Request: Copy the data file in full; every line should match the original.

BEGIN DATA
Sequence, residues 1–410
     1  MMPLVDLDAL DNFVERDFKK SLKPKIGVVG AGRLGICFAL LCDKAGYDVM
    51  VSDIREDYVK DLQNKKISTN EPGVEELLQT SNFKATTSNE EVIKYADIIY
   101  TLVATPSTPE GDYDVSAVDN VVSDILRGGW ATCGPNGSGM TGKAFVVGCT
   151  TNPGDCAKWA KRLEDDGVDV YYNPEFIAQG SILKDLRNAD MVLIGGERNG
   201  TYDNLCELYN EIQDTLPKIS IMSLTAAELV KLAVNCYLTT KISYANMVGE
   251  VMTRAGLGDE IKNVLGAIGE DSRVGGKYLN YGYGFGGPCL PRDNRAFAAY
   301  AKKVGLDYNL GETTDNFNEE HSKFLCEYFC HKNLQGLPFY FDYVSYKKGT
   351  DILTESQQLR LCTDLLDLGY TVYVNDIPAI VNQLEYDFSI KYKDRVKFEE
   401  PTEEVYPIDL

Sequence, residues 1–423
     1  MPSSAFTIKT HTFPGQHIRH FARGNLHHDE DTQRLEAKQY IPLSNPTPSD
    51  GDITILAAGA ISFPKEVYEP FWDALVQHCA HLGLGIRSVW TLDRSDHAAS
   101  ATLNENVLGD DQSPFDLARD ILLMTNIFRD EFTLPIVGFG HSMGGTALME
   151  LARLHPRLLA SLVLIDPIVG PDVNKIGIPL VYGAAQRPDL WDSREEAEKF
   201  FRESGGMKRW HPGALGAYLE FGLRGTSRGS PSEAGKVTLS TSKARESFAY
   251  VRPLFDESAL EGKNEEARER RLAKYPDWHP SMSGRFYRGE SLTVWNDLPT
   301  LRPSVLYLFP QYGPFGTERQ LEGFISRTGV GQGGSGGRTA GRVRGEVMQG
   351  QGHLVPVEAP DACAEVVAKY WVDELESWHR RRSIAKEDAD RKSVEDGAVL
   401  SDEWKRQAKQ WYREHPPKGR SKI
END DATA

Sequence, residues 1–410
     1  MMPLVDLDAL DNFVERDFKK SLKPKIGVVG AGRLGICFAL LCDKAGYDVM
    51  VSDIREDYVK DLQNKKISTN EPGVEELLQT SNFKATTSNE EVIKYADIIY
   101  TLVATPSTPE GDYDVSAVDN VVSDILRGGW ATCGPNGSGM TGKAFVVGCT
   151  TNPGDCAKWA KRLEDDGVDV YYNPEFIAQG SILKDLRNAD MVLIGGERNG
   201  TYDNLCELYN EIQDTLPKIS IMSLTAAELV KLAVNCYLTT KISYANMVGE
   251  VMTRAGLGDE IKNVLGAIGE DSRVGGKYLN YGYGFGGPCL PRDNRAFAAY
   301  AKKVGLDYNL GETTDNFNEE HSKFLCEYFC HKNLQGLPFY FDYVSYKKGT
   351  DILTESQQLR LCTDLLDLGY TVYVNDIPAI VNQLEYDFSI KYKDRVKFEE
   401  PTEEVYPIDL

Sequence, residues 1–423
     1  MPSSAFTIKT HTFPGQHIRH FARGNLHHDE DTQRLEAKQY IPLSNPTPSD
    51  GDITILAAGA ISFPKEVYEP FWDALVQHCA HLGLGIRSVW TLDRSDHAAS
   101  ATLNENVLGD DQSPFDLARD ILLMTNIFRD EFTLPIVGFG HSMGGTALME
   151  LARLHPRLLA SLVLIDPIVG PDVNKIGIPL VYGAAQRPDL WDSREEAEKF
   201  FRESGGMKRW HPGALGAYLE FGLRGTSRGS PSEAGKVTLS TSKARESFAY
   251  VRPLFDESAL EGKNEEARER RLAKYPDWHP SMSGRFYRGE SLTVWNDLPT
   301  LRPSVLYLFP QYGPFGTERQ LEGFISRTGV GQGGSGGRTA GRVRGEVMQG
   351  QGHLVPVEAP DACAEVVAKY WVDELESWHR RRSIAKEDAD RKSVEDGAVL
   401  SDEWKRQAKQ WYREHPPKGR SKI